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Higher correlations of divisor sums related to primes, II: Variations of . . .
, 2007
"... We calculate the triple correlations for the truncated divisor sum λR(n). The λR(n) behave over certain averages just as the prime counting von Mangoldt function Λ(n) does or is conjectured to do. We also calculate the mixed (with a factor of Λ(n)) correlations. The results for the moments up to the ..."
Abstract

Cited by 28 (6 self)
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We calculate the triple correlations for the truncated divisor sum λR(n). The λR(n) behave over certain averages just as the prime counting von Mangoldt function Λ(n) does or is conjectured to do. We also calculate the mixed (with a factor of Λ(n)) correlations. The results for the moments up to the third degree, and therefore the implications for the distribution of primes in short intervals, are the same as those we obtained (in the first paper with this title) by using the simpler approximation ΛR(n). However, when λR(n) is used, the error in the singular series approximation is often much smaller than what ΛR(n) allows. Assuming the Generalized Riemann Hypothesis (GRH) for Dirichlet Lfunctions, we obtain an Ω±result for the variation of the error term in the prime number theorem. Formerly, our knowledge under GRH was restricted to Ωresults for the absolute value of this variation. An important ingredient in the last part of this work is a recent result due to Montgomery and Soundararajan which makes it possible for us to dispense with a large error term in the evaluation of a certain singular series average. We believe that our results on the sums λR(n) and ΛR(n) can be employed in diverse problems concerning primes.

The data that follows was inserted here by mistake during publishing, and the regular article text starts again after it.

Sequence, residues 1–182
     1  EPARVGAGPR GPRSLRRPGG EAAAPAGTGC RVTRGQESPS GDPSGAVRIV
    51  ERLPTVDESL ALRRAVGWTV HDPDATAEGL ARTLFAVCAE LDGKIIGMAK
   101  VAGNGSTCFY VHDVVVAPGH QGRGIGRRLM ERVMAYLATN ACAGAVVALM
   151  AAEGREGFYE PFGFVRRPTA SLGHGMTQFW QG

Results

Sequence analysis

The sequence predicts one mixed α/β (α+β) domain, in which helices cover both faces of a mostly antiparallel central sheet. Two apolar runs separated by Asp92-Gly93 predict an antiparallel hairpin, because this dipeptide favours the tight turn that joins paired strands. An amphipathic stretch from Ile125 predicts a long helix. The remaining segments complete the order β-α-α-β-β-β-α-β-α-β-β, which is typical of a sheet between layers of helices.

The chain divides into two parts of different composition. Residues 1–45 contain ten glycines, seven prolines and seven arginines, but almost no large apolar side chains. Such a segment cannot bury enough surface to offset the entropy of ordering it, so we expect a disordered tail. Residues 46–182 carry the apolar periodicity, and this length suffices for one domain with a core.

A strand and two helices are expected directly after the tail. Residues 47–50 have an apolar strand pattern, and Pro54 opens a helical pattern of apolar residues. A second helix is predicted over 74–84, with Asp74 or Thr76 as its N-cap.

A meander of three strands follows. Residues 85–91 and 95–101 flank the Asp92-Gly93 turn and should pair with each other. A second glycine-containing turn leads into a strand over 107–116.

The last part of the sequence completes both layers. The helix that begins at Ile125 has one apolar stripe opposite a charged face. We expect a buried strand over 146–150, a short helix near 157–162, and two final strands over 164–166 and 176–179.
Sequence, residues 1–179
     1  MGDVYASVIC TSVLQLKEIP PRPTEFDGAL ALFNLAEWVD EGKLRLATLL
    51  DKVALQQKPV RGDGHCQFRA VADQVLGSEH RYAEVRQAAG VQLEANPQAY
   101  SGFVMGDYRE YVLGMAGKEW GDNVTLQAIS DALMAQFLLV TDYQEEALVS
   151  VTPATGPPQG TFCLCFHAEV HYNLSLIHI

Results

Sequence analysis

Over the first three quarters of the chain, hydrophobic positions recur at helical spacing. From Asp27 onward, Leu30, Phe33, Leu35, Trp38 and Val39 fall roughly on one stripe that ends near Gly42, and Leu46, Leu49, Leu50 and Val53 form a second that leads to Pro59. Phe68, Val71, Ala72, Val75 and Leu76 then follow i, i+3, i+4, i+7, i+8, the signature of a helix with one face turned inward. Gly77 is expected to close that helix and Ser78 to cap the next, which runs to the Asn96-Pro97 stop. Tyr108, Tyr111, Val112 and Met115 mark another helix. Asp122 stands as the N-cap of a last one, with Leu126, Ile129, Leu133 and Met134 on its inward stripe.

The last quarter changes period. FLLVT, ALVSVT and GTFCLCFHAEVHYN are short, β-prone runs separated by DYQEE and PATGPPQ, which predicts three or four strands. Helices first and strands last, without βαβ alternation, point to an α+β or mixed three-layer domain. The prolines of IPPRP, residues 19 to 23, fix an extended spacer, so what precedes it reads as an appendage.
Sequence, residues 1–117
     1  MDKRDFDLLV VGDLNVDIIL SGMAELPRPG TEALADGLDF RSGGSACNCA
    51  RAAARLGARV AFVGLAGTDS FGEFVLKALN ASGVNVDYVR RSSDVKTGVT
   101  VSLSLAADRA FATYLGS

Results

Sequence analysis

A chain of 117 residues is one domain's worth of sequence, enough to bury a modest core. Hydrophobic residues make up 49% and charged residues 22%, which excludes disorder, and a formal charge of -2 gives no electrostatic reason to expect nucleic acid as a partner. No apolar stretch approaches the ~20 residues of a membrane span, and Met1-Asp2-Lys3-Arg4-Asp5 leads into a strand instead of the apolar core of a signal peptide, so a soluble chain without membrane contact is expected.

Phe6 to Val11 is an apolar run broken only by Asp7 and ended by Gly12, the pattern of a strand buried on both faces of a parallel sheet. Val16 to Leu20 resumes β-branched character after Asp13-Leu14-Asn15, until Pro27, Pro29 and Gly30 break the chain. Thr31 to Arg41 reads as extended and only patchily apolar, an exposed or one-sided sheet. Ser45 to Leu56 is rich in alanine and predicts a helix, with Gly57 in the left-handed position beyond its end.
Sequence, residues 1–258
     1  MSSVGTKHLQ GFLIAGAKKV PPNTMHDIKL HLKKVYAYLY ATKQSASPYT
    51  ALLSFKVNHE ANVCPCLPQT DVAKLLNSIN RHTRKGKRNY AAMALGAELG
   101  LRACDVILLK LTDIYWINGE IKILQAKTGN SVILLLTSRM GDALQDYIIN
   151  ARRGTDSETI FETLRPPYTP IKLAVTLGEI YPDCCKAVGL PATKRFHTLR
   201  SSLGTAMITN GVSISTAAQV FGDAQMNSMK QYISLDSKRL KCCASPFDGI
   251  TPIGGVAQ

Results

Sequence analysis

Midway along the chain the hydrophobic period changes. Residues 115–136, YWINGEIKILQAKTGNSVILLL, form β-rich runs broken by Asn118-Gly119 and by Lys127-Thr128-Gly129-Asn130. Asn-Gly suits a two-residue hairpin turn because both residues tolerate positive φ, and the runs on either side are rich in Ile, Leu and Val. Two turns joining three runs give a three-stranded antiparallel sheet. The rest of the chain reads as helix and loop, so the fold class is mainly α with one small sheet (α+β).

Primes in Tuples I
"... We introduce a method for showing that there exist prime numbers which are very close together. The method depends on the level of distribution of primes in arithmetic progressions. Assuming the ElliottHalberstam conjecture, we prove that there are infinitely often primes differing by 16 or less. E ..."
Abstract

Cited by 6 (1 self)
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We introduce a method for showing that there exist prime numbers which are very close together. The method depends on the level of distribution of primes in arithmetic progressions. Assuming the ElliottHalberstam conjecture, we prove that there are infinitely often primes differing by 16 or less. Even a much weaker conjecture implies that there are infinitely often primes a bounded distance apart. Unconditionally, we prove that there exist consecutive primes which are closer than any arbitrarily small multiple of the average spacing, that is, pn+1 − pn lim inf =0. n→ ∞ log pn We will quantify this result further in a later paper (see (1.9) below).